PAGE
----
That Christ has died for the Original and collective sins of the world, and also for our individual sins, we may all be saved by our faith in him. But if we are not to enter into that covenant, then our sins alone will be the ones that sink us.
Dead to Sin, Alive in Christ:
1What shall we say, then? Shall we go on sinning so that grace may increase? 2By no means! We died to sin; how can we live in it any longer? 3Or don't you know that all of us who were baptized into Christ Jesus were baptized into his death? 4We were therefore buried with him through baptism into death in order that, just as Christ was raised from the dead through the glory of the Father, we too may live a new life.
5If we have been united with him like this in his death, we will certainly also be united with him in his resurrection. 6For we know that our old self was crucified with him so that the body of sin might be done away with, that we should no longer be slaves to sin– 7because anyone who has died has been freed from sin.
8Now if we died with Christ, we believe that we will also live with him. 9For we know that since Christ was raised from the dead, he cannot die again; death no longer has mastery over him. 10The death he died, he died to sin once for all; but the life he lives, he lives to God.
11In the same way, count yourselves dead to sin but alive to God in Christ Jesus. 12Therefore do not let sin reign in your mortal body so that you obey its evil desires. 13Do not offer the parts of your body to sin, as instruments of wickedness, but rather offer yourselves to God, as those who have been brought from death to life; and offer the parts of your body to him as instruments of righteousness. 14For sin shall not be your master, because you are not under law, but under grace.
Slaves to Righteousness:
15What then? Shall we sin because we are not under law but under grace? By no means! 16Don't you know that when you offer yourselves to someone to obey him as slaves, you are slaves to the one whom you obey–whether you are slaves to sin, which leads to death, or to obedience, which leads to righteousness? 17But thanks be to God that, though you used to be slaves to sin, you wholeheartedly obeyed the form of teaching to which you were entrusted. 18You have been set free from sin and have become slaves to righteousness.
19I put this in human terms because you are weak in your natural selves. Just as you used to offer the parts of your body in slavery to impurity and to everincreasing wickedness, so now offer them in slavery to righteousness leading to holiness. 20When you were slaves to sin, you were free from the control of righteousness. 21What benefit did you reap at that time from the things you are now ashamed of? Those things result in death! 22But now that you have been set free from sin and have become slaves to God, the benefit you reap leads to holiness, and the result is eternal life. 23For the wages of sin is death, but the gift of God is eternal life in Christ Jesus our Lord.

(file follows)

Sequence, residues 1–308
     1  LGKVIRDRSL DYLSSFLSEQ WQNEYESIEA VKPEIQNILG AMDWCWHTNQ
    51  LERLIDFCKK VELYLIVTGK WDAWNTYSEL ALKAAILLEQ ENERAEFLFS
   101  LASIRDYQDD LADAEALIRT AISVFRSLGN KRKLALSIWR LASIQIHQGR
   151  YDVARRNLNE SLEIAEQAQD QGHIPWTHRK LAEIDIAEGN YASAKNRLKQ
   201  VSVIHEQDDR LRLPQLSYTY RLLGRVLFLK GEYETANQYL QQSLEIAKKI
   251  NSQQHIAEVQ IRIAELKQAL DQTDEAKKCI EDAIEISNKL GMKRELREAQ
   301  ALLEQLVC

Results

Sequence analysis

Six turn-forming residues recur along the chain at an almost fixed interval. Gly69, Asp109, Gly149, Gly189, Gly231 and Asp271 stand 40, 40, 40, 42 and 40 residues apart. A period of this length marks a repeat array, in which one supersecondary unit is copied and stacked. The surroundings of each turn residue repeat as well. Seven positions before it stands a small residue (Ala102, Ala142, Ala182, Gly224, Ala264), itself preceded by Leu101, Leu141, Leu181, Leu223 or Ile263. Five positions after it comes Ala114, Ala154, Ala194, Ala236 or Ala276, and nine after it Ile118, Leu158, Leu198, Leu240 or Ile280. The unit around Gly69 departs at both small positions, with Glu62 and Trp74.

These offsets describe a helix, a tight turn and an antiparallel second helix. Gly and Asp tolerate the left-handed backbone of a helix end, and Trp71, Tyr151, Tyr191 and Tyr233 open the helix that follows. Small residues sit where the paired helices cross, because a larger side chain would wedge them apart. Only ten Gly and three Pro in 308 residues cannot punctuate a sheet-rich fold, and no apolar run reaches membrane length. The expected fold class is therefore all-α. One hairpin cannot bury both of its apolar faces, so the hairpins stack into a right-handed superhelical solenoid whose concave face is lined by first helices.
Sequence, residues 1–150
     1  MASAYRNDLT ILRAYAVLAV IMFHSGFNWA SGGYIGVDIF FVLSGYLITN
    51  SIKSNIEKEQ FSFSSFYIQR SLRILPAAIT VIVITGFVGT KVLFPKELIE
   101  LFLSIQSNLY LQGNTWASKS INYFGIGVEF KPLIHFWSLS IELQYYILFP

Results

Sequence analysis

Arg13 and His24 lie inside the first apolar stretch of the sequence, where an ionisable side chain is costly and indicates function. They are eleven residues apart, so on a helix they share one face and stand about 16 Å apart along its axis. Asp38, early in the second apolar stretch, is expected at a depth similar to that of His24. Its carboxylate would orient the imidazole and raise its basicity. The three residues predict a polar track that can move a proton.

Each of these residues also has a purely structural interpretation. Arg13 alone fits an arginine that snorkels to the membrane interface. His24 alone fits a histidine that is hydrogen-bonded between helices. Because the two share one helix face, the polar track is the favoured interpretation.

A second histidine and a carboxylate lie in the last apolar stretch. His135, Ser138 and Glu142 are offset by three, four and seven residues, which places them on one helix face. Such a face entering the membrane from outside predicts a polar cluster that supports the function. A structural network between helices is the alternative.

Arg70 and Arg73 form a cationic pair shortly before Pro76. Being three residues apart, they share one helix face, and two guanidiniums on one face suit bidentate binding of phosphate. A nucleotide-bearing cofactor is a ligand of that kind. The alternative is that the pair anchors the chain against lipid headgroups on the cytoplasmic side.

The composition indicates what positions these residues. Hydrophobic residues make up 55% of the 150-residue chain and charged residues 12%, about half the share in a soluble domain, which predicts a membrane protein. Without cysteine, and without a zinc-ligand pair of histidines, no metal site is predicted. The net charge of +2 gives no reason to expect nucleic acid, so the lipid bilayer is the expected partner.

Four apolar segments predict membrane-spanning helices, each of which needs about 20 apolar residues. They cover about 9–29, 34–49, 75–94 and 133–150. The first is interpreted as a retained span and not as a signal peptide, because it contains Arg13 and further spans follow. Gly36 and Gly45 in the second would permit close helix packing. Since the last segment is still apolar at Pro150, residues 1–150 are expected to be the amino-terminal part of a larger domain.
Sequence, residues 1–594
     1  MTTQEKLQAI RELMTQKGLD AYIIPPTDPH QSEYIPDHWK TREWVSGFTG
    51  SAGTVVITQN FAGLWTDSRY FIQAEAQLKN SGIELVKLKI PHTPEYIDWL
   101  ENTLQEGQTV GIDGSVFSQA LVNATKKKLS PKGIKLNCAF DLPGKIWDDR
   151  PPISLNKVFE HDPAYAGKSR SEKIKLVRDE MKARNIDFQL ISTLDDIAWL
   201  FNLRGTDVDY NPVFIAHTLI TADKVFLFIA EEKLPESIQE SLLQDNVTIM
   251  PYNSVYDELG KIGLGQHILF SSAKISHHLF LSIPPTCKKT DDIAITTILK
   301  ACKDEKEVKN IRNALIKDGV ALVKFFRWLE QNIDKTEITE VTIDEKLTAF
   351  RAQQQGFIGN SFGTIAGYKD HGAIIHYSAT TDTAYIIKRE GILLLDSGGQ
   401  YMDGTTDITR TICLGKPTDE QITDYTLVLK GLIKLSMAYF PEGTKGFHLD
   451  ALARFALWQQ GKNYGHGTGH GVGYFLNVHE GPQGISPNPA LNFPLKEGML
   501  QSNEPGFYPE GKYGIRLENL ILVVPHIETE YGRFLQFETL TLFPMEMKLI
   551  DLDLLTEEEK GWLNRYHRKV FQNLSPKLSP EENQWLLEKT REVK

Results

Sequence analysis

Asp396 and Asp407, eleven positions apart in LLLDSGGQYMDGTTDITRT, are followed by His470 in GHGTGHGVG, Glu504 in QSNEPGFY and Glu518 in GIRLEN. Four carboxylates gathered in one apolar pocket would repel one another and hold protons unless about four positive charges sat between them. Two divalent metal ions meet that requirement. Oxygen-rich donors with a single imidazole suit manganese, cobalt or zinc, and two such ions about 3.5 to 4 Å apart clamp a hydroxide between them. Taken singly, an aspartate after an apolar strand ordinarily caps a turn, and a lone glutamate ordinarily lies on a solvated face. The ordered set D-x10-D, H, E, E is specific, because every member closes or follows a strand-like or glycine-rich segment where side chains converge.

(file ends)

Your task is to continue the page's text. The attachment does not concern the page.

This explains why having received God’s grace through faith in the New Covenant, one is not excused from works entirely. He becomes a slave to righteousness. For those who are truly faithful, and place their faith in truth, they will be led by God to good works and deeds in his name. Because faith, as well as works, can be warped to evil purposes, one must be discerning that he believes in the truth, as Martin Luther said, “People must have righteous principals in the first, and then they will not fail to perform virtuous actions.” For a Christian, the source of these principals is the life and teachings of Jesus Christ revealed to us in scripture. That is where we place our faith. To deny scripture and substitute in its place the precepts of man can lead to all manner of evils and even though they may be done in God’s name, they will not be forgotten by him, unless he that has strayed later finds his feet back on the proper path. To find our way, we resort to study of the Book and to prayer. To quote Luther one last time, “Rest in the Lord; wait patiently for Him. In Hebrew, "Be silent in God, and let Him mould thee." Keep still, and He will mould thee to the right shape.”
There is so much more, and my main problem in writing this was to decide what leave out of my post. The fullest explanation can be gained by reading the entire Book of Romans, beyond what I have quoted here, and the writings of Martin Luther on the subject. I hope I have not confused or mislead you as to my beliefs and that this conversation will contribute to our mutual understanding. Thank you for your patience in reading this exceptionally long piece.